President Hu Jintao visited flood-hit Chongqing Municipality yesterday and vowed to help the hundreds of thousands of affected people as last week's death toll rose to 152.
Heavy rain has devastated nearly half of the country, with floods, landslides and mud-flows killing at least 400 people since the beginning of the rainy season in May, Xinhua News Agency said.
Forty-two people have died and 12 are missing in Chongqing city alone. More than 300,000 people have been evacuated.
China Central Television last night showed Hu wading through Chonqqing's flooded streets in black galoshes to visit residents.
Hu was shown talking to a senior citizen in a rain-damaged house, asking: "How high did the flood water rise? Are you having any problem getting enough food? Do you have all the things you need to cook?"
Addressing residents in the city's flooded Shapingba District, Hu said the Communist Party of China (CPC) and the government both were concerned over their welfare and would do everything possible to provide relief to them.
"You all have suffered," Hu told a crowd that had gathered on the street. "This once-in-a-century rain has destroyed your homes and washed away your belongings, causing significant losses. I am as sad as you. We must have the determination and courage to overcome this."
Hu spent Saturday and yesterday in Chongqing, and also met People's Liberation Army personnel engaged in relief work.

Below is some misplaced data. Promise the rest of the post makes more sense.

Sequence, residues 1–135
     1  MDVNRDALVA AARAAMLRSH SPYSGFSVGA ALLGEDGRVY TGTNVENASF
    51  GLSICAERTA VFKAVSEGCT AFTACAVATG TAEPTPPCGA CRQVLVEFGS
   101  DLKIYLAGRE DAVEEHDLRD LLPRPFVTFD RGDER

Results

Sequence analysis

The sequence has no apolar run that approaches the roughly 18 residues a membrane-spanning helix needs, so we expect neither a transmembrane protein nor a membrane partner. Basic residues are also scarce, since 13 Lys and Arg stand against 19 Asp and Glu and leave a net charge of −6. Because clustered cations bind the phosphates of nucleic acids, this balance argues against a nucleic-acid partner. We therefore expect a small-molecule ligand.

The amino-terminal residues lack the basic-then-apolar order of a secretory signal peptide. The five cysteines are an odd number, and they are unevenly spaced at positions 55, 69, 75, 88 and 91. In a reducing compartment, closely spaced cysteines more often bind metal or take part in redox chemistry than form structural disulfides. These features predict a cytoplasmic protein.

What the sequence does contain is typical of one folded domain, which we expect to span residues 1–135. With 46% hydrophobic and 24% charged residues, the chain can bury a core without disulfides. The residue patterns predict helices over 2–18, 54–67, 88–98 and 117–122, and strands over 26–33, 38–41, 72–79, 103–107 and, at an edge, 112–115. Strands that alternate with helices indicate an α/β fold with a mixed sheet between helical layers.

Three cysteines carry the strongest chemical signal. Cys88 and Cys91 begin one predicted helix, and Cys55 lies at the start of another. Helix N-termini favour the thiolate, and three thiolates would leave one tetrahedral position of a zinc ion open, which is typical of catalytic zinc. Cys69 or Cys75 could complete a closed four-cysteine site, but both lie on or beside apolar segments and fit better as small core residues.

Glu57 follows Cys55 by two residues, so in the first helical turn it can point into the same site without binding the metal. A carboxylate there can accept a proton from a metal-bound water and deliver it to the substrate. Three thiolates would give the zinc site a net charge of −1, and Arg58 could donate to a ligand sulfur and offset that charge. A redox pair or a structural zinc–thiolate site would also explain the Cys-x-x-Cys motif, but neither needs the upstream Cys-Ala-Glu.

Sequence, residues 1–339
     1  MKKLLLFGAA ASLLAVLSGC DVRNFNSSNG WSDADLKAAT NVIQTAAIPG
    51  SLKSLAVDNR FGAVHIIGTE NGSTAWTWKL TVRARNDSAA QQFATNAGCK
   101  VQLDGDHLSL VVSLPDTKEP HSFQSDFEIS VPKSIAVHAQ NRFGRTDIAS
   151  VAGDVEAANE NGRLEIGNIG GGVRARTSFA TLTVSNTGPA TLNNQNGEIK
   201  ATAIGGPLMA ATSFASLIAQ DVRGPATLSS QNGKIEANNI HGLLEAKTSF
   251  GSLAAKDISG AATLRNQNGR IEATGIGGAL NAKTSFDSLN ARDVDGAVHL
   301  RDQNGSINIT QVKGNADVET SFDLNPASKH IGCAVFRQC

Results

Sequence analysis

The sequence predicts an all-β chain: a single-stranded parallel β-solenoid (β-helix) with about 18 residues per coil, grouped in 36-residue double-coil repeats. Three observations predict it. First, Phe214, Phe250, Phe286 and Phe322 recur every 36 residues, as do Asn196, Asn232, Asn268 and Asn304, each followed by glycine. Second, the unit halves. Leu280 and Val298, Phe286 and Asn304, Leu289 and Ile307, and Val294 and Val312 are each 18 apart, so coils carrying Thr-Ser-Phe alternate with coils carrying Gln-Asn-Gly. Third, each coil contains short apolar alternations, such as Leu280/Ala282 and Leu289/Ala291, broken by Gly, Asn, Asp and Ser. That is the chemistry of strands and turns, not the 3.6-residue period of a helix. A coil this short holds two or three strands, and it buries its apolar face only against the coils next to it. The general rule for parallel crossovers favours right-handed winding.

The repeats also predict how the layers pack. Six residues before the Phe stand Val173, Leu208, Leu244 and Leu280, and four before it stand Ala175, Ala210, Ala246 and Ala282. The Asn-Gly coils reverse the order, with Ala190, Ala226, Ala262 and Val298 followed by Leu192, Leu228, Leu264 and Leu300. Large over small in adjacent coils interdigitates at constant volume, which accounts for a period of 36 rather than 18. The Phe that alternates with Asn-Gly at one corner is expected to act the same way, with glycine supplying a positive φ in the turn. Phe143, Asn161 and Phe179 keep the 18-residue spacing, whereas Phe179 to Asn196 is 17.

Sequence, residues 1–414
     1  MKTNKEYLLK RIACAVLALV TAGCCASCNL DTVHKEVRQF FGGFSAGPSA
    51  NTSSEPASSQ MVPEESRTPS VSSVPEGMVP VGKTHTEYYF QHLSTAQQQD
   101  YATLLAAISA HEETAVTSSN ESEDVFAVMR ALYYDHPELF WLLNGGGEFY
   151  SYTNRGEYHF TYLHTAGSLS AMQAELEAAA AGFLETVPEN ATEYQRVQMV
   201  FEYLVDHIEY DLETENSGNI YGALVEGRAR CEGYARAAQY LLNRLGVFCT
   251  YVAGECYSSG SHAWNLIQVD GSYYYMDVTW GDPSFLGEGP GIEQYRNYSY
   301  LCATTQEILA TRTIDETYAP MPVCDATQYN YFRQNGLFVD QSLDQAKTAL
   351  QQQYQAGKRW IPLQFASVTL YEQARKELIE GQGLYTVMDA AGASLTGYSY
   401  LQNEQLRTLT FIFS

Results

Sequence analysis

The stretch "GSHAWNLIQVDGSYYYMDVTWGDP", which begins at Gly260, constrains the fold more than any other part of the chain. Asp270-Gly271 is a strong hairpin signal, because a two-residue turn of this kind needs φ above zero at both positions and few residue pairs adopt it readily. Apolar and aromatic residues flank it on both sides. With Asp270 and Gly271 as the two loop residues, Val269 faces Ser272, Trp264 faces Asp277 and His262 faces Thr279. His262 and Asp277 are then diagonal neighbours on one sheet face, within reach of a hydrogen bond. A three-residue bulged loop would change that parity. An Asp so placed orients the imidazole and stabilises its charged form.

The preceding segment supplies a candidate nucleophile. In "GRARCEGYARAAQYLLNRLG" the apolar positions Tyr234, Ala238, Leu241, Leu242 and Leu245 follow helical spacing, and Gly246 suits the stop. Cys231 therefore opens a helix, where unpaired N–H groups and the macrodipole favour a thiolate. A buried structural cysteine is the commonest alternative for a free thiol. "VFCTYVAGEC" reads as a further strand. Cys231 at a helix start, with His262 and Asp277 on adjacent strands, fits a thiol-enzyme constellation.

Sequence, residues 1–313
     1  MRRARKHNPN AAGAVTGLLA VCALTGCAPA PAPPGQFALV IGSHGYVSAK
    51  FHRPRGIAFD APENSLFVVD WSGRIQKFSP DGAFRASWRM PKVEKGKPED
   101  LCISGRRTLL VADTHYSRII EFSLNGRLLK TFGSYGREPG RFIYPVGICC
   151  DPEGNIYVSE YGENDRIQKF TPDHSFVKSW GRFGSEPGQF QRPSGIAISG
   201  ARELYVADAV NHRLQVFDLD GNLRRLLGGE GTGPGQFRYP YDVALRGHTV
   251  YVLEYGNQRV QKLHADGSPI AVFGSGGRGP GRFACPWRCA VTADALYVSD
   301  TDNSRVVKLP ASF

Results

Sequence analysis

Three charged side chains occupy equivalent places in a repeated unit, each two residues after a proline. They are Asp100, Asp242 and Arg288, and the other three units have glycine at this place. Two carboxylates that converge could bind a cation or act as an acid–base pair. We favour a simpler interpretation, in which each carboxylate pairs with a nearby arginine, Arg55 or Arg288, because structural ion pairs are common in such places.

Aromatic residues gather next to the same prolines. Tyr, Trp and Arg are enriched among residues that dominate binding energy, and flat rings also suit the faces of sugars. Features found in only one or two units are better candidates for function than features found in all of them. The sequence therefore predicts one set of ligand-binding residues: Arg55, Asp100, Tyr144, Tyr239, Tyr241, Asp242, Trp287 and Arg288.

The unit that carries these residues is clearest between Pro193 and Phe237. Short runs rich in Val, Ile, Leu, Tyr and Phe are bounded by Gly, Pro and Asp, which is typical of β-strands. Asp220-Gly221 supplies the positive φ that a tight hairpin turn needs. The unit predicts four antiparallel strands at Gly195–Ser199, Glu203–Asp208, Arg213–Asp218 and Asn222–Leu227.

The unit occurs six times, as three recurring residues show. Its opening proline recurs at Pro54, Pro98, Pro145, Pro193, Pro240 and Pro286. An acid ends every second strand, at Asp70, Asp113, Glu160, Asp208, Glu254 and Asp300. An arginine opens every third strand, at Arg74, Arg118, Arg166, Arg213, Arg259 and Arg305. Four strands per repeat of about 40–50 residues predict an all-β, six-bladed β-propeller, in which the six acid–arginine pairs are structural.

Southwest China's Yunnan Province was perhaps the worst hit last week, with 59 people being killed, most of them in violent mud-flows on Thursday.
Rescuers recovered two more bodies from the Xiaojiangping Dam near the Sujiahekou Hydropower Station in Tengchong county yesterday.
The provincial civil affairs department said 163 people have been killed and eight are missing in Yunnan since late May, and more than 5 million people have been affected.
East China's Shandong Province is among the worst hit, with 40 people killed and nine missing. And about 112,600 people have been shifted to safer areas. Heavy showers and landslides have also caused extensive damage to the province's transport and telecommunication network.
Hundreds of thousands of people are working in Anhui Province to prevent the dikes of the swollen Huaihe River from breaching. The river has received the largest volume of floodwater since 1954.
Water flowing at above-danger level in the river for 19 days can breach the dikes in the next 10 days if rain continues at the present rate, officials of the flood control headquarters in Anhui Province said on Saturday.
Source: China Daily/agencies